27 Aug 2012
Korean semiconductor and electronics giant buys 3% stake in the Dutch lithography company, joining Intel and TSMC.
Samsung has followed its fellow chipmakers Intel and Taiwan Semiconductor Manufacturing Company (TSMC) by joining ASML’s “customer co-investment program”, which is set to plough hundreds of millions of dollars into the development of extreme ultraviolet (EUV) lithography.
The giant Korean company, also the world’s largest manufacturer of memory chips, has committed to buy a 3% stake in ASML for €503 million, as well as provide a €276 million contribution to support research and development of future EUV systems needed to maintain the rule of Moore’s law.
“This completes the [customer co-investment] program, as the target for aggregate research and development funding commitments of €1.38 billion has now been met,” announced ASML in a statement.
ASML says that it is already on track to deliver the first production-ready EUV tools to customers beginning early next year; this additional cash will be used to develop future, higher-throughput versions of the technology, as well as support the move to chip production on larger silicon wafers measuring 450 mm in diameter. The current standard is 300 mm.
Once the deal is completed, Intel, TSMC and Samsung will together own a 23% stake in ASML – in exchange for an aggregate €3.85 billion in cash. Despite the massive investment, ASML says that the shares that will be issued to the companies will be non-voting “except in exceptional circumstances”.
Model for other photonics technology development?
Intel, the world’s largest silicon chip manufacturer, was first to join ASML’s investment program in early July, and is set to take the largest individual stake in the lithography specialist with a 15% equity share. TSMC, the world’s largest semiconductor foundry – and a company with business interests in both photovoltaics and LED production – signed up to take a 5% stake on August 5.
“The object of the program is to secure and accelerate key lithography technologies,” said ASML’s CEO Eric Meurice when announcing TSMC’s participation, pointing out once again that the fruits of the research and development would become available to all, and not be restricted to the investing partners.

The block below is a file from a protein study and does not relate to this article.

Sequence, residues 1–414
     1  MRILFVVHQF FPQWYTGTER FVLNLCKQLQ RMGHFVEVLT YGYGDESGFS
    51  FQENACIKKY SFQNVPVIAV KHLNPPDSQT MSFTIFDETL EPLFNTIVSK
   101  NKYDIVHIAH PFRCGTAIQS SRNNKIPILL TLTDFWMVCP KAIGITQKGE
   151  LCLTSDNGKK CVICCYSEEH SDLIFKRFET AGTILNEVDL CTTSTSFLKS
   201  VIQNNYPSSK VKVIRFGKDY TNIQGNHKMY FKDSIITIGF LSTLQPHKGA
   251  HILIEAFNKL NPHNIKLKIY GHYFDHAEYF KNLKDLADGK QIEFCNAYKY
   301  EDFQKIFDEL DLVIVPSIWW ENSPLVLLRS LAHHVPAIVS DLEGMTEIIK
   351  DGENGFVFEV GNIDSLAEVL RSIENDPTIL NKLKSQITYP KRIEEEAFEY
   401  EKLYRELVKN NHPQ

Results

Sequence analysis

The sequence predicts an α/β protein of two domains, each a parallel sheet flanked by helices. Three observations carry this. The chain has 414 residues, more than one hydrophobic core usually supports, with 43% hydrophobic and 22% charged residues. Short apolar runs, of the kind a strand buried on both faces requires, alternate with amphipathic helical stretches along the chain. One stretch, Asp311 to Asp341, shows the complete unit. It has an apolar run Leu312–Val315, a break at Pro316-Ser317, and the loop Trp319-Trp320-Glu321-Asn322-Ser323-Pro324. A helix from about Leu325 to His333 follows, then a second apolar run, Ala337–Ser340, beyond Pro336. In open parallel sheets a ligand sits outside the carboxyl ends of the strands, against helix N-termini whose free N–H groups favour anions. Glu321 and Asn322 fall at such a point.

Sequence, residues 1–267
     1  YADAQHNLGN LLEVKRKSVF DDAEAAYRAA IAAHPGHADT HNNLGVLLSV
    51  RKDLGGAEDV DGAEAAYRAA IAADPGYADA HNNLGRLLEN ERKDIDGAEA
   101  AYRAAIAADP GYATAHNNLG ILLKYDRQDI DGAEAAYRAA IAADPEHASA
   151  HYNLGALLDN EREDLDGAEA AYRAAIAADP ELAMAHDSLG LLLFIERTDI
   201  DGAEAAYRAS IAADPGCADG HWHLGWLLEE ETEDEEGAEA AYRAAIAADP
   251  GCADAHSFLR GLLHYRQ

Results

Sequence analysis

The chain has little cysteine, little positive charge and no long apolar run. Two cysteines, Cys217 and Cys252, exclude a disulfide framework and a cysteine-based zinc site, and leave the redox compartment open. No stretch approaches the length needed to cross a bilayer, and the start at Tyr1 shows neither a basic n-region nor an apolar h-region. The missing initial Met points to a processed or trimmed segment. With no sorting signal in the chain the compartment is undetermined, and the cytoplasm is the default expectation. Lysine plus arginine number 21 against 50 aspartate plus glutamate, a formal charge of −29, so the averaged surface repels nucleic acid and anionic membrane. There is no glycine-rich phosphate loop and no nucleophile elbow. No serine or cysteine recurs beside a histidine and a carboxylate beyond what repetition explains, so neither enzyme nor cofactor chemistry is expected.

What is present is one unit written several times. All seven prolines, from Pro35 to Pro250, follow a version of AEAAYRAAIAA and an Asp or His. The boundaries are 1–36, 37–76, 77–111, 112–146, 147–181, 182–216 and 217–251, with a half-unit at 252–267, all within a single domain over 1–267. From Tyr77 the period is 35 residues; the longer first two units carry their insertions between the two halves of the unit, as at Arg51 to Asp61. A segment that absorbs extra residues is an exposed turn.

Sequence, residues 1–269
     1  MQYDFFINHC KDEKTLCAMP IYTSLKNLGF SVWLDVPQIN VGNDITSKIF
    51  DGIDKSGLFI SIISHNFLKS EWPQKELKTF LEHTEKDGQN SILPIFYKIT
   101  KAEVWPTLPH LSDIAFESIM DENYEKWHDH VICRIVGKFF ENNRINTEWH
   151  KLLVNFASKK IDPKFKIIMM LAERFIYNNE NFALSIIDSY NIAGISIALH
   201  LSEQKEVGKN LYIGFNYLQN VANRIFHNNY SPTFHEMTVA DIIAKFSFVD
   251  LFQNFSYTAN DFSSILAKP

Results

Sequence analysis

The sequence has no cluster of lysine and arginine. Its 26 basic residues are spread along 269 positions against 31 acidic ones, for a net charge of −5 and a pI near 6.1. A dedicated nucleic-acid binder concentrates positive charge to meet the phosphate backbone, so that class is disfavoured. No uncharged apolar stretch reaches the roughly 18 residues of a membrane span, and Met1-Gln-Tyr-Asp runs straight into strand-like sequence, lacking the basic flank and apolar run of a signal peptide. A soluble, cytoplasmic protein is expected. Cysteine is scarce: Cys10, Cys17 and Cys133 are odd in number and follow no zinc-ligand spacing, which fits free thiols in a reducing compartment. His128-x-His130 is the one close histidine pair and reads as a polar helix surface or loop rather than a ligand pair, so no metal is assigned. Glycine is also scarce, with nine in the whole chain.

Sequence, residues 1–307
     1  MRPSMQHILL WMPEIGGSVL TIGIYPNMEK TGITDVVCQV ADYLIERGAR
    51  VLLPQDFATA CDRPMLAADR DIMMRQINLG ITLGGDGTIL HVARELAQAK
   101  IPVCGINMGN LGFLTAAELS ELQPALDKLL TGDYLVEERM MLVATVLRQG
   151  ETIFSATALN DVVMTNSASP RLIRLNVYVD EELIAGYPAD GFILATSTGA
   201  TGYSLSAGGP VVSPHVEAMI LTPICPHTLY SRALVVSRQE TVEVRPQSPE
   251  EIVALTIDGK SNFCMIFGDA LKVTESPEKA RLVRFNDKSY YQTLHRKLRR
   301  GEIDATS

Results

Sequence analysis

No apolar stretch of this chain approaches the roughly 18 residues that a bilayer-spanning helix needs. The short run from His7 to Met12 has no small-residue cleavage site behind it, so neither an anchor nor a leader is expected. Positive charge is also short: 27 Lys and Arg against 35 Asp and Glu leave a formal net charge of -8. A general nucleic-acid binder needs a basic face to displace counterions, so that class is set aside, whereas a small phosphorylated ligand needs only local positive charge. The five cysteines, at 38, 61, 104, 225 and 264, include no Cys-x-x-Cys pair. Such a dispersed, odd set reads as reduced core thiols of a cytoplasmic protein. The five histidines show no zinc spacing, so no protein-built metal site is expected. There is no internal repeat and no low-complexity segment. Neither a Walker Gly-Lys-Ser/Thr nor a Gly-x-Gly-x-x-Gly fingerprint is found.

“These technologies will benefit the entire industry, and will enable smarter, more powerful, more energy-efficient and cheaper electronic devices for consumers,” the company added in its announcement of Samsung’s participation.
The approach being taken by ASML to guarantee an injection of more than one billion euros of cash into the development of both EUV and 450 mm wafer lithography over five years has been well-received by analysts and financial markets – the Dutch company’s stock has traded at close to record highs ever since the July 9 announcement with Intel.
And at a time when central government funding is increasingly scarce, the somewhat radical investment model could perhaps serve as a template for future investment in other photonics-related technology areas.
Authors of the recently published National Academy of Sciences (NAS) report "Optics and Photonics: Essential Technologies for our Nation" highlighted “beyond EUV” light sources for industrial applications as one key area for future investment, and also noted the concerns raised by the likes of Google, Facebook and Apple regards the ability of data center technologies to keep pace with internet traffic demand beyond 2014.
Given the cash balances held by those three companies, they would certainly be in a position to back the development of future photonics technologies for data centers in a similar way, should they wish to do so.
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